A unique feature of Lincolnshire and indeed of Europe today is the Spalding Gentlemen's Society. It was founded in 1712, at a time when the town was regarded as ‘allmost out of the World’,1 as ‘A Universal Literary meeting for the sake of Improvement in Friendship and Knowledge’2 by Maurice Johnson (1688–1755), a local lawyer. The East Midlands at that time saw the establishment of other learned societies, particularly at Stamford, Peterborough and Northampton, but they lasted only a few years and left little trace of their activities. The only English society of a similar nature to survive today from that time is the Antiquarian Society founded in 1717, two of whose founders, Maurice Johnson and William Stukeley, were associated with the Spalding Gentlemen's Society. The SGS, as it has always been called, survives today with around 300 subscribing members, a library and museum and a remarkable archive containing manuscripts, letters and drawings ranging from the fifteenth century to the present day.
This article aims to examine the reasons for the creation of this archive, and to consider its development in its historical context and how its accessibility could be extended to historians, in the light of the current discussion of archive development. The SGS officers, responsible for the management of the Society's archive, are caught up in dilemmas. Does it exist to conserve every item relating to the Society? Has its function changed over time? How can it be made easily available to external researchers? As the Society in its twenty-first-century form has no publicly specified purpose,3 these questions are difficult.
It was different in the eighteenth century. Maurice Johnson was certain about the aims of his society. It was formally established in November 1712: ‘by subscribing at the coffee house then in the Abby Yard [in Spalding] … for establishing a Society of Gentlemen for the supporting mutual benevolence & their Improvem[en]t in the Liberal Sciences & polite learning’.4 The Society was to meet weekly. Members were expected to ‘communicate to the Society something new or Curious’ in person or by letter. A secretary was elected ‘to Minute their proceedings & keep all Papers etc belonging to them in good Order for the furtherance of their Laudable designe’. One proviso of membership was ‘That every Member on Admission give to the Library a book or Books of the Value of One Pound’.
Johnson as Secretary devised a system for archiving the Society's papers at a time when the development of systems5 was a topic of great interest. The Spalding system was to archive by subject matter, type and size: correspondence was sorted into eight folio-size files, on the inside of which the numbered contents were listed. The subject matter was subdivided into topics related to the arts or the sciences: ‘Theological, Ethical, Juridical, Historical Topics’ or ‘Physical, Philosophical and Mathematical Subjects’. Next, the topics were subgrouped as either letters or dissertations. The documents were then subdivided by size, depending on whether they were written on folio-size or quarto-size paper. The full list is published by the Lincoln Record Society in the calendar of the Society's correspondence6 and contains 638 items. The Society's extensive weekly minutes survive intact for the period 1725 to 1758, with many entries accompanied by illustrations. They record a remarkably wide-ranging account of the ‘new or Curious’ learning and interests of the period.
The Librarian, a central figure in the Society for 300 years, has been significant in maintaining its existence as a combined museum, library and archive, as its founder had intended. In his will Maurice Johnson bequeathed the income relating to ‘my Chapell at Wykeham in the Parish of Spalding’ to the ‘Governours … of the Free Grammar School’. He then gave the Governors the task of bestowing this income from the chapel of Wykeham on the Master of the Grammar School.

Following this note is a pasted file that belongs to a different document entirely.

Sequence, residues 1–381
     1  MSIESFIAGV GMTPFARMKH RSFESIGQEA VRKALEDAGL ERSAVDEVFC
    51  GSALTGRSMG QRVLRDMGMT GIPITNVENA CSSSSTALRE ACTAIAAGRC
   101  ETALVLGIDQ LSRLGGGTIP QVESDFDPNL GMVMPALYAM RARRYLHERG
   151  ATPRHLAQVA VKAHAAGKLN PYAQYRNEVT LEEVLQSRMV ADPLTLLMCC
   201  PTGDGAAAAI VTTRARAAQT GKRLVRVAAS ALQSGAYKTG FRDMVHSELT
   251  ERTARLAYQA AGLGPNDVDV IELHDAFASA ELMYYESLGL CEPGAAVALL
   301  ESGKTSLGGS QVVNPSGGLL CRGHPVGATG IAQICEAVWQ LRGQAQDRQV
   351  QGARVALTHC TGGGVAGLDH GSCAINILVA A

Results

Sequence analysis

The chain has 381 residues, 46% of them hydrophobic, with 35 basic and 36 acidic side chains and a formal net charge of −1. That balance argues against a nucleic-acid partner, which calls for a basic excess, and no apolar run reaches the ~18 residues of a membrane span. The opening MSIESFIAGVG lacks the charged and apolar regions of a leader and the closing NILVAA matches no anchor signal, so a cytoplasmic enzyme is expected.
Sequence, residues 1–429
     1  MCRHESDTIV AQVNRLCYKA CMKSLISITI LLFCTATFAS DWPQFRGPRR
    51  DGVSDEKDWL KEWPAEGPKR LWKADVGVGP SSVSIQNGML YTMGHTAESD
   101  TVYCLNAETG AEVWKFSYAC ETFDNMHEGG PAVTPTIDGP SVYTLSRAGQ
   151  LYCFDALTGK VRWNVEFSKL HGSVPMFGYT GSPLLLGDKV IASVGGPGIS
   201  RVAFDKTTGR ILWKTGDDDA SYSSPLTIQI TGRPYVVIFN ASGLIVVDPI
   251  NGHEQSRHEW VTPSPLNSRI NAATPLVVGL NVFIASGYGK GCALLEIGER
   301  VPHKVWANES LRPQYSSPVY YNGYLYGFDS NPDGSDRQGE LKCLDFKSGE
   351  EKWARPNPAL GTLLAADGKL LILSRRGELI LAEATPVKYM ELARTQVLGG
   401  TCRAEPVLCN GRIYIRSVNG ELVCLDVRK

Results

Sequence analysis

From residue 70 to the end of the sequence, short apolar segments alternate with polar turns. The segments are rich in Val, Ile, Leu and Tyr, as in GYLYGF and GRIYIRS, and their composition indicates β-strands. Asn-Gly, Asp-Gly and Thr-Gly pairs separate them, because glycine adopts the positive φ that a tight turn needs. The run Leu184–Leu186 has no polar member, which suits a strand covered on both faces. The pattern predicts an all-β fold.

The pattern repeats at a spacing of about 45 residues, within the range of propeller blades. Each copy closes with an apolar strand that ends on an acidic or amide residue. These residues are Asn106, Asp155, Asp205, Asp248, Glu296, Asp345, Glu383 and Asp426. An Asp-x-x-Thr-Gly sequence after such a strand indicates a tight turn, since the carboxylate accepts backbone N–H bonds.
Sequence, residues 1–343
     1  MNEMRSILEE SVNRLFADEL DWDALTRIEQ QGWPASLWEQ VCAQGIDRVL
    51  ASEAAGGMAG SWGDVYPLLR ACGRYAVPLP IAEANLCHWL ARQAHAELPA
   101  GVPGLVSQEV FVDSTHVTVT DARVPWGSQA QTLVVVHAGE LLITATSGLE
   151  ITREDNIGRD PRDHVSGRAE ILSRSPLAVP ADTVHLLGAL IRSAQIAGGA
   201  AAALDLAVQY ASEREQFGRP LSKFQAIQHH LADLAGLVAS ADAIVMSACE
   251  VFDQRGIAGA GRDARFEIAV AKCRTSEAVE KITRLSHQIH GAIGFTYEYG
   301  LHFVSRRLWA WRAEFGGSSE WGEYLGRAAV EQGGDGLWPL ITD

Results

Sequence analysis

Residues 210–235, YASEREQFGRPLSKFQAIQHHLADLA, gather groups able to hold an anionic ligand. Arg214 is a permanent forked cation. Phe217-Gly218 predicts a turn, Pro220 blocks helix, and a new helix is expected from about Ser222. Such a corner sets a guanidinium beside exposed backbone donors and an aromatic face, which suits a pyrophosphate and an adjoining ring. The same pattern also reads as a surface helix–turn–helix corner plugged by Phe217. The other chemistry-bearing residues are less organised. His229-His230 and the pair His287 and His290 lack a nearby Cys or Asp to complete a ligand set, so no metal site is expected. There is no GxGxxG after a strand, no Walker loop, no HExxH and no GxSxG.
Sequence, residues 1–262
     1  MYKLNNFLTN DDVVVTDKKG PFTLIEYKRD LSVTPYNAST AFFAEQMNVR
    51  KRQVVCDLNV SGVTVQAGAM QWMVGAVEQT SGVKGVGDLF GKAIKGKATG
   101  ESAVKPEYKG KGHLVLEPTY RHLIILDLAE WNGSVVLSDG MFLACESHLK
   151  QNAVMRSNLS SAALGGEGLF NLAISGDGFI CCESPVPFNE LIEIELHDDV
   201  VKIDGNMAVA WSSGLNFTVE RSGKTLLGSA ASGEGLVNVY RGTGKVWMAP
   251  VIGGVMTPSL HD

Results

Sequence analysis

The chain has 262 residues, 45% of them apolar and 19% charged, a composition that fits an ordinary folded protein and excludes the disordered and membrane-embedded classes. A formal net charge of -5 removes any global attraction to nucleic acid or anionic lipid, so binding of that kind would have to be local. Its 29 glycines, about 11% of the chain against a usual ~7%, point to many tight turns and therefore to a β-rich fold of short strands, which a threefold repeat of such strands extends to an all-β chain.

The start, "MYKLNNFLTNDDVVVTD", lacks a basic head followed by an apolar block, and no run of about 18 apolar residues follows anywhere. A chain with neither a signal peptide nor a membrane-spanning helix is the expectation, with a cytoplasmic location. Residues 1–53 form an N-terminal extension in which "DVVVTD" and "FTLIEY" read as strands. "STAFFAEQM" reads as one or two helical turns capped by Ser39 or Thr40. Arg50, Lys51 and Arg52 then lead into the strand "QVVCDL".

Provided that such Person so by them nominated doth … covenant premise grant and agree to and with the said Governours and their Successors that he will conscientiously constantly and honestly take charge and Care of the Museum Books Papers and Suppellex Literaria of and belonging to Spalding Gentlemen's Society herein before mentioned which I had the happiness to be the Institutor of and for many Years after Secretary and whereof I now have the Honour to be President being the best Service I could do to my Native Place.7
This system remains today and has ensured the survival of the books and papers of the SGS. The lawyers, doctors and clerics who were the original members of the Society used the letters and dissertations as source material for their weekly discussions and for communicating their findings to other learned societies. As the letters and books came into the Society's hands during the eighteenth century, so they were recorded and indexed in detail.
Like many organizations with such a long history, the SGS has experienced surges of activity and development, alternating with times of comparative decline. After the initial half-century of growth under Johnson, his sons and the Revd John Rowning who succeeded them as Librarian, activities came to centre mainly on the loan of books, although the minutes record the delivery of papers from time to time. There have been at least three attempts to reconcile the eighteenth-century archive with contemporary archival practice; this in itself makes the SGS a fascinating study. In 1826 a young Cambridge scholar, J. H. Marsden (1803–91), arrived in Spalding as Master of the Grammar School. On Monday 18 February 1828 he took on the duties of ex officio Librarian and Secretary under the new President, the Perpetual Curate of Spalding, the Revd Dr William Moore, and found the original minute books of the Society with the last entry dated 29 June 1758.8 Marsden was then ordered to examine the Society's records in order to ‘ascertain the terms upon which certain books were deposited in the Church and School; and if it should be found that such books are still the property of the Gentlemen's Society that a Catalogue of them be taken and deposited in the Society's room’.9 An excellent library catalogue was published in 1851, prefaced by a history of the Society,10 under the name of the President, Canon Moore, probably helped in the task by Marsden who had married Moore's daughter in 1840. Marsden later became the first occupant of the Disney chair in Archaeology at Cambridge. The Society was thus really a book club as a result of Marsden's interests. He remained an honorary member of the Society and was involved in the second revival by Dr Marten Perry from 1889 onwards.